0:18:02.1 Mike Vacanti: There’s a scene where the lead guy, Don Draper, later in the show, the girl who used to be his assistant, Peggy, who then became like… It’s been a while since I watched it, so I might butcher some of the background. But basically at this time, I think it was in the ’60s, ’50s, ’60s, women weren’t really in these marketing roles. They were in administrative roles around the office, but she got a marketing role, and then she was coming up with ideas. And basically she’d been in this role for two years in this marketing role. And she came into his office one night and was crying or very upset, saying that she provides him with ideas and he never says thank you. And he’s just screaming at her. He’s like, “That’s what the money is for! You give me ideas, [laughter] I give you money, so I don’t have to say thank you.” And it was, not with a rage that he said it, but it was a mentality that 10 years ago I really could have related to and something that maybe Dale Carnegie, Chris Voss… By the way, you might be saying “Dale Carnegie” wrong. I think it’s “Carnegie.”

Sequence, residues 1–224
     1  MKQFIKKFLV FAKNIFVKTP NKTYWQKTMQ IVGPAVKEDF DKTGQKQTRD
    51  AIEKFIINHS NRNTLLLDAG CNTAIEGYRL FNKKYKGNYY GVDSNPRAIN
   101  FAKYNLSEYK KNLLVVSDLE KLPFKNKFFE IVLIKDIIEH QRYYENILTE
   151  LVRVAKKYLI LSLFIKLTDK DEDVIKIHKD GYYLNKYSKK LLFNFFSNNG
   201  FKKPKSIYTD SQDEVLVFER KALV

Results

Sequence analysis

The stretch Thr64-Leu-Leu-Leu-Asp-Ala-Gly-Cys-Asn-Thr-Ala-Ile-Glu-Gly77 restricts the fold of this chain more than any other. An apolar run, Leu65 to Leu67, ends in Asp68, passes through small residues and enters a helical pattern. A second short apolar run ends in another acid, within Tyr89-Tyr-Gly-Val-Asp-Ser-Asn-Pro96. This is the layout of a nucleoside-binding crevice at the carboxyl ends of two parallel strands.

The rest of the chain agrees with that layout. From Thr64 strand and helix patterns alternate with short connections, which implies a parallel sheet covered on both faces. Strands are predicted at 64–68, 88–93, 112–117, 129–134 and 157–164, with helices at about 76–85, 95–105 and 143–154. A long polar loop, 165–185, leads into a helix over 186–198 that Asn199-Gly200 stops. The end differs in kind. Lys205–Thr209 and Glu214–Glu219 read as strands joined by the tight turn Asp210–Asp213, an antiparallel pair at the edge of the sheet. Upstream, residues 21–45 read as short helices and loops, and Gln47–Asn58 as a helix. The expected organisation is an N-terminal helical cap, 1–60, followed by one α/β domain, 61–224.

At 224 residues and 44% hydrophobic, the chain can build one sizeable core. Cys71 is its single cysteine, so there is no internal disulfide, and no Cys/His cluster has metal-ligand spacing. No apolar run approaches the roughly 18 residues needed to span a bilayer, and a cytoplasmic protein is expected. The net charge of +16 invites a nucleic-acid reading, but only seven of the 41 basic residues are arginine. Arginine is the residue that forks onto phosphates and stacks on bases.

0:19:16.1 Jordan Syatt: Oh, I saw that.


0:19:17.2 Mike Vacanti: Yeah, [laughter] yeah. You got me saying “Carnegie.”


[overlapping conversation]


0:19:18.4 Jordan Syatt: No, I’m pretty sure I’m saying it right.


0:19:20.9 Mike Vacanti: Either way.


[overlapping conversation]


0:19:20.9 Jordan Syatt: I know someone is listening to this podcast, I saw the comment of him being like, “You’re saying it wrong.” I’m almost positive I’m saying it right. I’ll look it up.


0:19:28.9 Mike Vacanti: I was super confident in “Hermoine” too, so we all, you know? [laughter] But when you just said, “Thank you, David,” here to our audio engineer, that crossed my mind like… [chuckle]


[overlapping conversation]


0:19:41.0 Jordan Syatt: Oh, yeah, yeah, yeah.


0:19:42.4 Mike Vacanti: Yeah, it’s… Even… It’s still good to treat people well and to be appreciative and…


0:19:48.9 Jordan Syatt: Yeah, man.


0:19:49.7 Mike Vacanti: Compliment good work, which he always does. But that scene is funny.


0:19:54.9 Jordan Syatt: That actually sounds amazing. Yeah, I really wanna watch that show. I think I should be able to watch it.